Clonazepam, sold under the brand name Klonopin among others, is a medication used to prevent and treat seizures, panic disorder, and for the movement disorder known as akathisia. It is a tranquilizer of the benzodiazepine class. It is taken by mouth. It begins having an effect within an hour and lasts between 6 and 12 hours.
Common side effects include sleepiness, poor coordination, and agitation. Long-term use may result in tolerance, dependence, and withdrawal symptoms if stopped abruptly. Dependence occurs in one-third of people who take clonazepam for longer than four weeks. It may increase risk of suicide in people who are depressed. If used during pregnancy it may result in harm to the baby. Clonazepam binds to GABAA receptors and increases the effect of the chief inhibitory neurotransmitter gamma-aminobutyric acid (GABA).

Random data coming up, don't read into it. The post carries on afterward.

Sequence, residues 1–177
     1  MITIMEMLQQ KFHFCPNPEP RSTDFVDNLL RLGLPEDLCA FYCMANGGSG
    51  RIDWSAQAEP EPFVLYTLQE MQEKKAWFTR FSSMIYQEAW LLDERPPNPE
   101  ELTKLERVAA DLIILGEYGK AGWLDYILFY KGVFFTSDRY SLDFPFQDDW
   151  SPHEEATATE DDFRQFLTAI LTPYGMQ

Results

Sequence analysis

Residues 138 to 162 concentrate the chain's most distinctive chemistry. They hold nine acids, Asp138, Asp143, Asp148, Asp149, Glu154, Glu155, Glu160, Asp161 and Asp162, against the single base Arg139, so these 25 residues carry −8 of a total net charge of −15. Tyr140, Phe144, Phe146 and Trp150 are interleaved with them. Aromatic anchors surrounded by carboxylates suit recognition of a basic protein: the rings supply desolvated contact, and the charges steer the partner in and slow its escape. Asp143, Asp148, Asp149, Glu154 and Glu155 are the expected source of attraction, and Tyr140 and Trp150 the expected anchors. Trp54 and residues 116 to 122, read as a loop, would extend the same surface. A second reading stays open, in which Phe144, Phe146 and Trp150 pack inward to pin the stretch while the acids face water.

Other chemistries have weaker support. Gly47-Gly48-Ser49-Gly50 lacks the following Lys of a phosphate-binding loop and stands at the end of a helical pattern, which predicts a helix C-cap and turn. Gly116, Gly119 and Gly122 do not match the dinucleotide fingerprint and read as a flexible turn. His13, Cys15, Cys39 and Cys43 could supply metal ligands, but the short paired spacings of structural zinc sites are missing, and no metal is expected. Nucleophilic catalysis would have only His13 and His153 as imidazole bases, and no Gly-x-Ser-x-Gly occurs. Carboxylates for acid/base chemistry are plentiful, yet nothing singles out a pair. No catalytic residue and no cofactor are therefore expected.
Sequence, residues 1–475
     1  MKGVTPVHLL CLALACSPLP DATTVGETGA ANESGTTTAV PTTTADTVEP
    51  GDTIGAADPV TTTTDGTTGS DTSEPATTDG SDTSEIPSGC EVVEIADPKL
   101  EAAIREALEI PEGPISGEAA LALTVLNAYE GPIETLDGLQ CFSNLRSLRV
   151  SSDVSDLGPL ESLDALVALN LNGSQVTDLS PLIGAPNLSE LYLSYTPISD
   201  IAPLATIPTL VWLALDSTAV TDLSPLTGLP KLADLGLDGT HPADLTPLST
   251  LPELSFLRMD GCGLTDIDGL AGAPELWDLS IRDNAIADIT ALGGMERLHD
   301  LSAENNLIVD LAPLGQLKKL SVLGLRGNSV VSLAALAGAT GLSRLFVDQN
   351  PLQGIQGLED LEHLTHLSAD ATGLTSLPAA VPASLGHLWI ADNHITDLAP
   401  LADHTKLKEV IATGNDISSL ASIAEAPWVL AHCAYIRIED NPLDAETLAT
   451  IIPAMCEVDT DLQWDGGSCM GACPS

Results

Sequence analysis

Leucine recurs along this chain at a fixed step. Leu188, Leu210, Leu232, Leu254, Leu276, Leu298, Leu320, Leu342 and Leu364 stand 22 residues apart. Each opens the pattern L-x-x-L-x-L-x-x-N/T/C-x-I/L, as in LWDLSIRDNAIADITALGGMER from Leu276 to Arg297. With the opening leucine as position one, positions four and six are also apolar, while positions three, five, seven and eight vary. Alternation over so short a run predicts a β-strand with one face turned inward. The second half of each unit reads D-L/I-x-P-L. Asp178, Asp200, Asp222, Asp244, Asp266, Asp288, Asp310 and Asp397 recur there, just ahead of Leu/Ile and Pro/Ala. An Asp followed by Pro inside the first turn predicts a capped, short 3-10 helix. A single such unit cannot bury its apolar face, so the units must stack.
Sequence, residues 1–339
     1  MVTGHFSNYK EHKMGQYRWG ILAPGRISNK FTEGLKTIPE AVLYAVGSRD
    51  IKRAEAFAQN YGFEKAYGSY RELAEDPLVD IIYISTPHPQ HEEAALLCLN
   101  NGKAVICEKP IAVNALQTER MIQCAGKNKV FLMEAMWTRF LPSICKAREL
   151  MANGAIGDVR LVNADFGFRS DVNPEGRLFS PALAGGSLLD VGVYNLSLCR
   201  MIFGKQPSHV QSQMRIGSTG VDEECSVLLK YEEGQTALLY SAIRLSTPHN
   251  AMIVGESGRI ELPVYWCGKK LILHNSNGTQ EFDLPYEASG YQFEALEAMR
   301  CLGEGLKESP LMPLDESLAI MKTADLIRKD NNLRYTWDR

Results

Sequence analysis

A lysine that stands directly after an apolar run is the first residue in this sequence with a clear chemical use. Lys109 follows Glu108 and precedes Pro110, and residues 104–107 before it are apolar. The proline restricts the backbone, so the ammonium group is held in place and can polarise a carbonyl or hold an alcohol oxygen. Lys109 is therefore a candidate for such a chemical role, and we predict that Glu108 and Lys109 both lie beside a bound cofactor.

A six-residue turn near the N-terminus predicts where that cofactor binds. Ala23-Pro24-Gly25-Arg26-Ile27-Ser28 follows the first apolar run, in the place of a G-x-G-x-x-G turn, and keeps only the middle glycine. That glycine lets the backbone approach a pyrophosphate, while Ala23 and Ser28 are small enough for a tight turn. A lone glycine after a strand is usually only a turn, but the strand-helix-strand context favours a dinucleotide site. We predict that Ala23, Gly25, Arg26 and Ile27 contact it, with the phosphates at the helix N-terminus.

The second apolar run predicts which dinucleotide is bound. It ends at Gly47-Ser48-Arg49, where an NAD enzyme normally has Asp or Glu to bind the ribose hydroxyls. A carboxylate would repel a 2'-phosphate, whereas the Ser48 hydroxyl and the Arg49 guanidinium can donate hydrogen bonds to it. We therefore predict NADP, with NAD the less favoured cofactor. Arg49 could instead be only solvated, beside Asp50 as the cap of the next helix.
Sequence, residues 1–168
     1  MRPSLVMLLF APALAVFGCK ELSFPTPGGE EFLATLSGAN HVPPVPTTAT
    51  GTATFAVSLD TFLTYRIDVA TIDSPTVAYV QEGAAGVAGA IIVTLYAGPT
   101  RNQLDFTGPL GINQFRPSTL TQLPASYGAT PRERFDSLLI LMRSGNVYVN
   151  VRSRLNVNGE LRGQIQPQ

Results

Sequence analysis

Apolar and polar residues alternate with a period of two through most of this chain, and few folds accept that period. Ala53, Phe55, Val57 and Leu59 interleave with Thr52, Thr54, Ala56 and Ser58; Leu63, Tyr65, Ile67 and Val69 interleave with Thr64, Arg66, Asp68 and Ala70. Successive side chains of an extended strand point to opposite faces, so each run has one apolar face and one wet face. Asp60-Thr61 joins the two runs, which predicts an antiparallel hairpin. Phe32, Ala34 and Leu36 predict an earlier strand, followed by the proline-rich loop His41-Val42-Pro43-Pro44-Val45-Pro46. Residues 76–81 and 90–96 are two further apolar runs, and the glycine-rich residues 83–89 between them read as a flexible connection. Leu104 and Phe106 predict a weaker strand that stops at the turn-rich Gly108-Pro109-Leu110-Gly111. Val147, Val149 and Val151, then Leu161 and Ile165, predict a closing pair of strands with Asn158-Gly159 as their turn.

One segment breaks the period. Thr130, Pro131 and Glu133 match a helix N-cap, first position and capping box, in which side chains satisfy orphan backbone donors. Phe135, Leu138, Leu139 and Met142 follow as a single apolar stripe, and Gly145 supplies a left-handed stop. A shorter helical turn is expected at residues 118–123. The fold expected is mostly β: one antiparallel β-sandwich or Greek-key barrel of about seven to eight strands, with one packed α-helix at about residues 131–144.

Clonazepam was initially patented in 1964 and went on sale in 1975 in the United States from Roche. It is available as a generic medication. The wholesale cost in the developing world is between US$0.01 and US$0.07 per pill. In the United States, the pills are about US$0.40 each. In 2016 it was the 42nd most prescribed medication in the United States with more than 18 million prescriptions. In many areas of the world it is commonly used as a recreational drug.